The Real Reason The Moon Is Slowly Moving Away From The Earth

The Earth's moon, like most celestial bodies, is a constant in the lives of all inhabitants of our planet. Humankind has gazed up at the moon for thousands of years and will likely continue to do so for as long as we exist. But as constant as the moon seems to us, it's actually scooting away very slowly, like a person stuck in a conversation with a close-talker. 

Much like wanting someone out of your personal space, the slow pulling away of the moon is perfectly natural. It's also been going on at different rates over billions of years, according to Business Insider, who reports today the moon is currently retreating from the Earth at about 1.5 inches a year. 

The rate of so-called "lunar retreat" changes, and currently, it is happening at about the same rate as fingernails grow, as the BBC described it. At other times over the last billions and millions of years, the moon has pulled away as much as 8.2 inches a year, with its drift fluctuating anywhere from a tiny .05 inches to a whopping 10.9 inches in a year, per Business Insider. 

The moon's retreat is directly related to the ocean tides

The moon and the Earth are inextricably connected even if they are separated by about 240,000 miles, according to NASA, who describes them as "tidally locked." That lock has to do with the moon's gravity pulling on ocean water, causing a "tidal bulge." That bulge in turn has its own gravitational pull and yanks right back on the moon, Business Insider explained.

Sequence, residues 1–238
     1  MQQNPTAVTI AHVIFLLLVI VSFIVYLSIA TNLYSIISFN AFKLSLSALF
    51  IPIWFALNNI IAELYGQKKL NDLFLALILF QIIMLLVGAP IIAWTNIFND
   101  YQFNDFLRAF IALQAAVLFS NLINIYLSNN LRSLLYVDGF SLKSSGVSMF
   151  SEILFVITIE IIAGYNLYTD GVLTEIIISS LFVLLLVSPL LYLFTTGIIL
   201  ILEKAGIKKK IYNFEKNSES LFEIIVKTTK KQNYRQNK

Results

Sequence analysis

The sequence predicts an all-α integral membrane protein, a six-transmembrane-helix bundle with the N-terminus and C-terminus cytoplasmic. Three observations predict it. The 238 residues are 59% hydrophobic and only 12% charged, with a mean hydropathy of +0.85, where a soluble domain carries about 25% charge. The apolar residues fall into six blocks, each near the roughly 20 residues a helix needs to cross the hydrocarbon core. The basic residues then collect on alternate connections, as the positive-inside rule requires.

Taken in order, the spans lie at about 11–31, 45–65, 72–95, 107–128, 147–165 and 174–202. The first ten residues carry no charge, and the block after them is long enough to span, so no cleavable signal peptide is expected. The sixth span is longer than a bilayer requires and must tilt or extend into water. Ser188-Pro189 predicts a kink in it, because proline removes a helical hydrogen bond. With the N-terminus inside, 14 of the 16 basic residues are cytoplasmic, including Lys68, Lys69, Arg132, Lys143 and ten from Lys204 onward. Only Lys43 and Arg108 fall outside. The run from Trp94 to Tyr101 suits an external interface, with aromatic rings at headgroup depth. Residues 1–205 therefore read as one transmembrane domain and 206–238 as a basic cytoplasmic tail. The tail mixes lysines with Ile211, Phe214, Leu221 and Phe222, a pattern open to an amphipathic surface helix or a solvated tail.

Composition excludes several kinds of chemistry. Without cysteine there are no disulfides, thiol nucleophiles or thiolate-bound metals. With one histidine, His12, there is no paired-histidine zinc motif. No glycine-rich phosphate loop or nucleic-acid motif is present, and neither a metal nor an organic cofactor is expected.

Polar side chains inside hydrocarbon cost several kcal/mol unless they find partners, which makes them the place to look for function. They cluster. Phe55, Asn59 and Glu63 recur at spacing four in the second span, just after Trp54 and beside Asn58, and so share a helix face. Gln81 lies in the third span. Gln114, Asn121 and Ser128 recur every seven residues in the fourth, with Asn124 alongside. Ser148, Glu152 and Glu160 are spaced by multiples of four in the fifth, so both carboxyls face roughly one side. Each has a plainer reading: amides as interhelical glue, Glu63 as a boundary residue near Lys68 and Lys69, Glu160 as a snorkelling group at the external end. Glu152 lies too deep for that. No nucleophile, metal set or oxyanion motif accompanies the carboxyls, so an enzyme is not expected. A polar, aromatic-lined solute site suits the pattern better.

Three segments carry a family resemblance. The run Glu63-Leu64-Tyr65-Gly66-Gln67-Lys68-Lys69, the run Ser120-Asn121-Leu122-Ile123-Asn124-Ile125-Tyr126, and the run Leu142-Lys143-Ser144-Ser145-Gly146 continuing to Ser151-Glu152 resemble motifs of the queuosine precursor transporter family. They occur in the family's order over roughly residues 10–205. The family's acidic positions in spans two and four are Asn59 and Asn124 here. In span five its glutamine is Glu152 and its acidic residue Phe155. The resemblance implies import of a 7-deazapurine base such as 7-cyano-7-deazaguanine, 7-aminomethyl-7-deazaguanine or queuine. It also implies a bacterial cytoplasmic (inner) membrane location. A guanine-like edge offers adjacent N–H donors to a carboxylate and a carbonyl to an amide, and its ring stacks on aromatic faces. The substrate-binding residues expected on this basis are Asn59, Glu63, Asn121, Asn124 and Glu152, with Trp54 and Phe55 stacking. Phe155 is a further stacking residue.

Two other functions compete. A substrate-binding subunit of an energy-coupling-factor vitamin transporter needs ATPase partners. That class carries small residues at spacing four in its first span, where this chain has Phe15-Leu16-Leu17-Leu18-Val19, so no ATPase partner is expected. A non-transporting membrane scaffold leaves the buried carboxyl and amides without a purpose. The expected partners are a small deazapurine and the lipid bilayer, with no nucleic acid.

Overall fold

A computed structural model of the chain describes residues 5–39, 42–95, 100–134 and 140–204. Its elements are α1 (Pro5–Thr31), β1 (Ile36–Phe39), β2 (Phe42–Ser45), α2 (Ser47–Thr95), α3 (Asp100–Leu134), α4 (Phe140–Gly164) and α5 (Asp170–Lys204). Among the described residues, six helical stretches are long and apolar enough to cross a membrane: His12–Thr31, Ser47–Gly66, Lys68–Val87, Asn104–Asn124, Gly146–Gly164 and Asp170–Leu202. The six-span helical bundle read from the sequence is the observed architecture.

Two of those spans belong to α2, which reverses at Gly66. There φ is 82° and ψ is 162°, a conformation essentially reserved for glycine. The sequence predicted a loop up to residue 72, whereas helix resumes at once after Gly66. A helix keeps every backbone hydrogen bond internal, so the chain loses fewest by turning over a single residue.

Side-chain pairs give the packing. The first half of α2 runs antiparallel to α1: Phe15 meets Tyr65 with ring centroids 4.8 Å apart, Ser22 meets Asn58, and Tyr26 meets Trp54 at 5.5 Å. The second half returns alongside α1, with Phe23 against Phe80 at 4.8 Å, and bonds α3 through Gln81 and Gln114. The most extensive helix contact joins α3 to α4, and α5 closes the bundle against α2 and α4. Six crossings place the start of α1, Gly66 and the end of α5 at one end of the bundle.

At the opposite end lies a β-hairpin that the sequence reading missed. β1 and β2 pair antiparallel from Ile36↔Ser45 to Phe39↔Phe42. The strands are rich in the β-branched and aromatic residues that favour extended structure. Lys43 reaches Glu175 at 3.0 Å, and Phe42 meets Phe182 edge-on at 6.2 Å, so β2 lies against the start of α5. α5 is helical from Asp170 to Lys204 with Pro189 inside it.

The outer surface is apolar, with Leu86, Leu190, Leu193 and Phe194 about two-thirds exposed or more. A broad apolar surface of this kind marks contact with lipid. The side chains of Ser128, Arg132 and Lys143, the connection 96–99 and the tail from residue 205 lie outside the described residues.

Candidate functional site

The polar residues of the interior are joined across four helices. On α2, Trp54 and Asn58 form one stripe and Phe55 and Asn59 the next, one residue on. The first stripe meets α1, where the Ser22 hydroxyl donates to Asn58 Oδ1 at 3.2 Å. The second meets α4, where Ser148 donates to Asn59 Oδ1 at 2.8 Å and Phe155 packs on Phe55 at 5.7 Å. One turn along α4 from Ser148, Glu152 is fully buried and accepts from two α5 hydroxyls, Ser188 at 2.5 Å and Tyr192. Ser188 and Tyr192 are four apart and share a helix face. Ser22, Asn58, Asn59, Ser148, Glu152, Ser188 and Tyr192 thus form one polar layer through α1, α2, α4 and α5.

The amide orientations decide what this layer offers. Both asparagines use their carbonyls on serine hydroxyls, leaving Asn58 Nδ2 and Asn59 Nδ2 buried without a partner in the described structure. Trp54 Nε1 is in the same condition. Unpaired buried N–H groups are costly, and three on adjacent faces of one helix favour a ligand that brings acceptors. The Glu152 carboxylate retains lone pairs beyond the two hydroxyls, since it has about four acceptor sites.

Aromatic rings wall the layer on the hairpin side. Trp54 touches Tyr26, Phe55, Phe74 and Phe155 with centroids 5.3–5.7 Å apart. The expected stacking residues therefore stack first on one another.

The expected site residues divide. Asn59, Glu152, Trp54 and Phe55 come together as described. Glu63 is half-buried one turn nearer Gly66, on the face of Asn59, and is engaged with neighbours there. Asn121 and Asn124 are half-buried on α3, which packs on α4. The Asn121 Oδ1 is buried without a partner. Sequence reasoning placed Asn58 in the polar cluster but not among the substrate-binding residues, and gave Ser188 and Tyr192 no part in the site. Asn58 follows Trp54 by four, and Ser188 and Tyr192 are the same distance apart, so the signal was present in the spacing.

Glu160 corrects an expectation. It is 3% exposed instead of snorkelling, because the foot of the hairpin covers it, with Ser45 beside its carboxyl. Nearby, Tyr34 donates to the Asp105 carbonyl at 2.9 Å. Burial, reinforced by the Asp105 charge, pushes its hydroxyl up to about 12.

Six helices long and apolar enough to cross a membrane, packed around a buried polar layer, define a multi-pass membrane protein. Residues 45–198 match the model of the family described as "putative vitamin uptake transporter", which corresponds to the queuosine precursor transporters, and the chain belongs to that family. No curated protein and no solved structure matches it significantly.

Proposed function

Yet, the Earth spins faster than the moon, so the tidal bulge is always pulling on the moon, even as the moon's gravity slows the Earth's rotation. The friction caused by this gravitational relationship ultimately pushes the moon away. The BBC describes it as similar physics to how a merry-go-round works. The faster it goes, the more riders are pulled outward.

This gravitational tit-for-tat is essential to the Earth's livability. According to NASA, the moon helps moderate the Earth's climate and stabilizes its wobble. Another important effect the moon's proximity to the Earth has on the planet is that it influences the length of our day. For example, shortly after the moon formed, days were only five hours long. Time reported when the moon was a newbie, it was only 14,000 miles away.

It will be billions of years before lunar retreat will cause any more meaningful time changes on Earth. Fortunately getting away from that close-talker can probably be achieved in five or 10 minutes.